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Saturday, Jan. 30, 2010
How to ship a bison omiyage
By AMY CHAVEZ
I have a confession: I've always wanted to be a bison.
There's just something about those big hairy shoulders, trim waists and their calm, cool disposition even under adverse circumstances. I'd love to be able to amble across the plains the way they do, seemingly without a care in the world. They're just what I've always wanted to be: big, hairy and threatening.
Besides, baby bison claves are so cute! I already have two calves — just the wrong kind. And why oh why are we females limited to underarm body hair?! As a bison babe, I'd never have to worry about being cold in the winter time again.
Bison once roamed the American West (and Canada) by the millions. They are now a "near threatened" species. In 1869, when the Central Pacific Railroad was completed, suddenly the West was accessible to people in the Eastern part of the country. Eventually, settlers hunted the bison to near extinction. They were hunted for their meat and their pelts (a bit of species cross-dressing by the settlers?).
But living in Japan, where there is a traditional belief in reincarnation, I'm still holding out for coming back to this world as a bison some day. I wonder if anyone has considered reincarnation as a way to bring back endangered species. I would especially like to come back as one of the 3,500 in a herd of free-range bison in Yellow Stone National Park. Who knows? That could be your grandparents out there, obaachan and ojiichan, helping to bring back the species.
These days bison are raised domestically — for bison burgers, steaks and something called "Rocky mountain oysters." Oysters they are not, but rather the gonads of the male bison, buffalo or bull. (Makes you wonder why Americans are so squeamish about eating fish sperm in Japan).
One Web site describes Rocky Mountain Oyster testicle preparation: "They are usually peeled, coated in flour, pepper and salt, sometimes pounded flat, then deep-fried." Ouch.
Not surprisingly, this "delicacy" (talk about delicate!) is most often served as an appetizer. After all, who would eat an entire meal of bovine testicles? Another Web site goes on to say, "Usually this meat product is sold frozen, as it is inconvenient to get them fresh." Uh-huh.
So it wasn't a total surprise when Bison enthusiast and Japan Lite reader Vicki Bohn, who lives in Nebraska, informed me that some bison have successfully emigrated to Japan. ("C'mon Brutus, let's relocate to a country where they won't eat your testicles and the next door neighbors don't have guns!") The bison gifts were made possible through a sister city relationship between Omaha, Nebraska and the city of Shizuoka. I'm not sure why the bison were living in the city in the first place, but nonetheless, Omaha gave two bison calves to Shizuoka in a zoo exchange — these were the first bison omiyage!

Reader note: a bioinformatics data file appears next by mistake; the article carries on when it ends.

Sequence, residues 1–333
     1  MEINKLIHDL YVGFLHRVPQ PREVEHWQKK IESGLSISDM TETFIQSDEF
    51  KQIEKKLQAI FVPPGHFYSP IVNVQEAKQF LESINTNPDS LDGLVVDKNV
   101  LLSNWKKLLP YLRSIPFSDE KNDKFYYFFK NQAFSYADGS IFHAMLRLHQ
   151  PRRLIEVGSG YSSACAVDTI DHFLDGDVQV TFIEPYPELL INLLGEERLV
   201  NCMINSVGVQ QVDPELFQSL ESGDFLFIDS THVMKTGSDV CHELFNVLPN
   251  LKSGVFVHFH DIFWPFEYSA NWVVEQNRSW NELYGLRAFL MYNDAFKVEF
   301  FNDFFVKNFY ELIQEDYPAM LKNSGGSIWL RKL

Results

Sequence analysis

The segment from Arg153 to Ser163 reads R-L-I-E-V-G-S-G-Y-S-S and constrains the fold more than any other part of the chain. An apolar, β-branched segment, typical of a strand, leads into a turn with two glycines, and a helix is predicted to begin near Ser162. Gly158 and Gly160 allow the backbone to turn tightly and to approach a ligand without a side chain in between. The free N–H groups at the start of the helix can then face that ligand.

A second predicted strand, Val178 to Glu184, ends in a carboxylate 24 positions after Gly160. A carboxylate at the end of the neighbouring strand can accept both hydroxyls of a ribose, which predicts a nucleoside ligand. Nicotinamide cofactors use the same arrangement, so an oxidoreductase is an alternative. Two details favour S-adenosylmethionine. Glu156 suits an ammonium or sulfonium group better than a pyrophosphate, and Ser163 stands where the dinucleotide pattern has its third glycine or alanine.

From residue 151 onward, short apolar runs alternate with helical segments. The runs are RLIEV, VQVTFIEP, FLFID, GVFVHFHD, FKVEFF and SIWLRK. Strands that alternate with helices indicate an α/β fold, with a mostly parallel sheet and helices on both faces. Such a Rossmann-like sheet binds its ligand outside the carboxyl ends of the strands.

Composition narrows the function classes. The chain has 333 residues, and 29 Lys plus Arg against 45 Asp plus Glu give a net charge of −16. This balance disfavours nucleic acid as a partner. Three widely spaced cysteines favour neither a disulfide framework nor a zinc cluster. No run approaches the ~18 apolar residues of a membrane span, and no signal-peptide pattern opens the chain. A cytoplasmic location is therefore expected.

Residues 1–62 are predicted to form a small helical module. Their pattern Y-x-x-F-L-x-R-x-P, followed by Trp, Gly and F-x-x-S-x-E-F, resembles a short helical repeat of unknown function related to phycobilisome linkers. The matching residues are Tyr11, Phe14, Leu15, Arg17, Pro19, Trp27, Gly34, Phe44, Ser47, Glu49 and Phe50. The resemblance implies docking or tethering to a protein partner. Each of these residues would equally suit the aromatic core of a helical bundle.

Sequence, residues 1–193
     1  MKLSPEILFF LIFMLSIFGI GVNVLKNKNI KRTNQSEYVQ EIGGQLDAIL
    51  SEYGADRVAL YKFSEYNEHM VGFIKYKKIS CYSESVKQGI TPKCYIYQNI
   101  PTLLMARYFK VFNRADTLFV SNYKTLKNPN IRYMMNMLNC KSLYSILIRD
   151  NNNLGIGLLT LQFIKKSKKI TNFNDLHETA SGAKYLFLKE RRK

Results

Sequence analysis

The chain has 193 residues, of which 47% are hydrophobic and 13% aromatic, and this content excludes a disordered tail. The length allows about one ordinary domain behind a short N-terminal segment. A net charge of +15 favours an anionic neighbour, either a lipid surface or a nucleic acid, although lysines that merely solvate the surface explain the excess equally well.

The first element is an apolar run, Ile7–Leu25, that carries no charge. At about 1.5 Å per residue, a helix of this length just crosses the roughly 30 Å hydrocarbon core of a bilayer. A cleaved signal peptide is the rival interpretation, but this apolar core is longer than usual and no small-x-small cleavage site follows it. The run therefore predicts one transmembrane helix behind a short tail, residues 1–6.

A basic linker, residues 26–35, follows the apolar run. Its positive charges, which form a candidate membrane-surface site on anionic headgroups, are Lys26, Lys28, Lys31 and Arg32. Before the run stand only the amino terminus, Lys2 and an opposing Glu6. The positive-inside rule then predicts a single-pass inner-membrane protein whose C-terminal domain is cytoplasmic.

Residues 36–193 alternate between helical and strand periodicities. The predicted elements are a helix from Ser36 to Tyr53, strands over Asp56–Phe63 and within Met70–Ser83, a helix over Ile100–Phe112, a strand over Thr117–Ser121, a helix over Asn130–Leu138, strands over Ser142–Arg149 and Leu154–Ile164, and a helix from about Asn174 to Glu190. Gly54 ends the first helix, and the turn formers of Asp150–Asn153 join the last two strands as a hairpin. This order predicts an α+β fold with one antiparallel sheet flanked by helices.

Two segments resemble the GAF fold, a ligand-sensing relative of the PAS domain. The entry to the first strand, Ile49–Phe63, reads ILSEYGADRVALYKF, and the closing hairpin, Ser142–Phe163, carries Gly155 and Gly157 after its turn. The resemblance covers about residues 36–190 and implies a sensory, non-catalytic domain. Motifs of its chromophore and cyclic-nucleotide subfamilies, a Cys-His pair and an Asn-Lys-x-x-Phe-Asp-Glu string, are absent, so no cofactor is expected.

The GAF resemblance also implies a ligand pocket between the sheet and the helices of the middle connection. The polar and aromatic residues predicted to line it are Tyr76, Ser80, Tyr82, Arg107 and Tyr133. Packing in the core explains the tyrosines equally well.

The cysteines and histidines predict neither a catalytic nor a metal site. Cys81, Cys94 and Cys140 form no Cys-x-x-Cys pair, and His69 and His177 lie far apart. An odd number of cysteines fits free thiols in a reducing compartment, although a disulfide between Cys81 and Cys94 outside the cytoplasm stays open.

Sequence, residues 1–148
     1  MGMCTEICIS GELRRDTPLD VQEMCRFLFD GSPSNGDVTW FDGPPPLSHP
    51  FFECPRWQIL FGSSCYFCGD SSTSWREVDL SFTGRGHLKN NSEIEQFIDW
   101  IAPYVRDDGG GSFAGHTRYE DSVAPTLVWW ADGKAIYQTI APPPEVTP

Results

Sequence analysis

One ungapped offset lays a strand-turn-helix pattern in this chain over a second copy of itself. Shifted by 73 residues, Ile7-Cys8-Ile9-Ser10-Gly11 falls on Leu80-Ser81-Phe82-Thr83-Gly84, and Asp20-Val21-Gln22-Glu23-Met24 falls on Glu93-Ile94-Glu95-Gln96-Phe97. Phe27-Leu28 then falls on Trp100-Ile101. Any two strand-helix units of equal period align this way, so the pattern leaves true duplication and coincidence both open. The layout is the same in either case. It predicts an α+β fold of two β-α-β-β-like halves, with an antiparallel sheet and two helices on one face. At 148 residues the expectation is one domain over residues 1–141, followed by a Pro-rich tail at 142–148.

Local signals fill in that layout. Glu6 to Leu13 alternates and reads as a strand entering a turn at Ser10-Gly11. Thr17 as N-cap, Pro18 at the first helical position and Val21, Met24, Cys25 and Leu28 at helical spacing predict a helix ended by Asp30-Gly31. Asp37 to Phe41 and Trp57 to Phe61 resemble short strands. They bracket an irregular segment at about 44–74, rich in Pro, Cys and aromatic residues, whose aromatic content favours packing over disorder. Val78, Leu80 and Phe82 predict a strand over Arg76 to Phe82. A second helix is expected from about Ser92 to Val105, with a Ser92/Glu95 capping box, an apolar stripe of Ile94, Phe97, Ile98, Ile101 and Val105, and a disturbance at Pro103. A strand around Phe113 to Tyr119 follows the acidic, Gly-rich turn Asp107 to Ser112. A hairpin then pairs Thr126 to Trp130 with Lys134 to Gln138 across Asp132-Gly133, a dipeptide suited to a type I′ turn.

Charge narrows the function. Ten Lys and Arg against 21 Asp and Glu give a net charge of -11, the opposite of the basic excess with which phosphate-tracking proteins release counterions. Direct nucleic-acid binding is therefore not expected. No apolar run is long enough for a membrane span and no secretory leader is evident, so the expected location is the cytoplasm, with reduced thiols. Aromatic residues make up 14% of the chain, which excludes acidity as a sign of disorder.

The bison were sent to Japan by passenger plane. I wonder exactly how this works. What if you discovered you had to sit next to a bison on your international flight? Would you be responsible for distributing oxygen to the bison in the case of an emergency? And how did the bison fit through the airport security screeners?
It turns out there are restrictions on bison as passengers. So, before you run out and buy a bison omiyage for that special Japanese person on your list, please be aware that early planning is a must.
According to a written report by Mr. Lawrence F. Uebner, who was chairman of the Omaha Sister Cities Association at the time of the bison gifting:
1. Bison can only be transported in the spring or fall, for minimum exposure to hot or cold temperatures. (So this rules out ochugen traditional summer gifts and oseibo traditional winter gifts.)
2. Bison must be transported in a temperature-controlled truck after getting off the plane.
3. Bison must be shipped in appropriate crates for the size of the bison at time of shipment. (This is critical. The first bison calves Omaha sent had apparently already outgrown their crates by the time their flight took off. Remember, flight delays can be long.)
4. After arrival, the bison must be quarantined for 30-60 days in a zoo-qualified quarantine facility. (In other words, you can't just drop them off at a karaoke bar somewhere and come back to get them in a couple of months.)
But despite the hassle, there is no doubt that bison make great omiyage. Just one tip on wrapping them. Bison are hard to disguise even with the best Japanese wrapping techniques. So let their own furry coat serve the purpose. A big red bow around the horns would be a nice touch though.
After a bit of savvy genetic mixing, two bison gifted to Japan in 1969 produced children, grandchildren, great grandchildren and "other offspring," eventually populating 30 different zoos in Japan. Vicki confirmed that she visited some of the offspring at the Shizuoka Nihondaira Zoo in 2004.
Just think — if we can get more Japanese people to take the bison option for reincarnation, we could have bison roaming Japan in no time.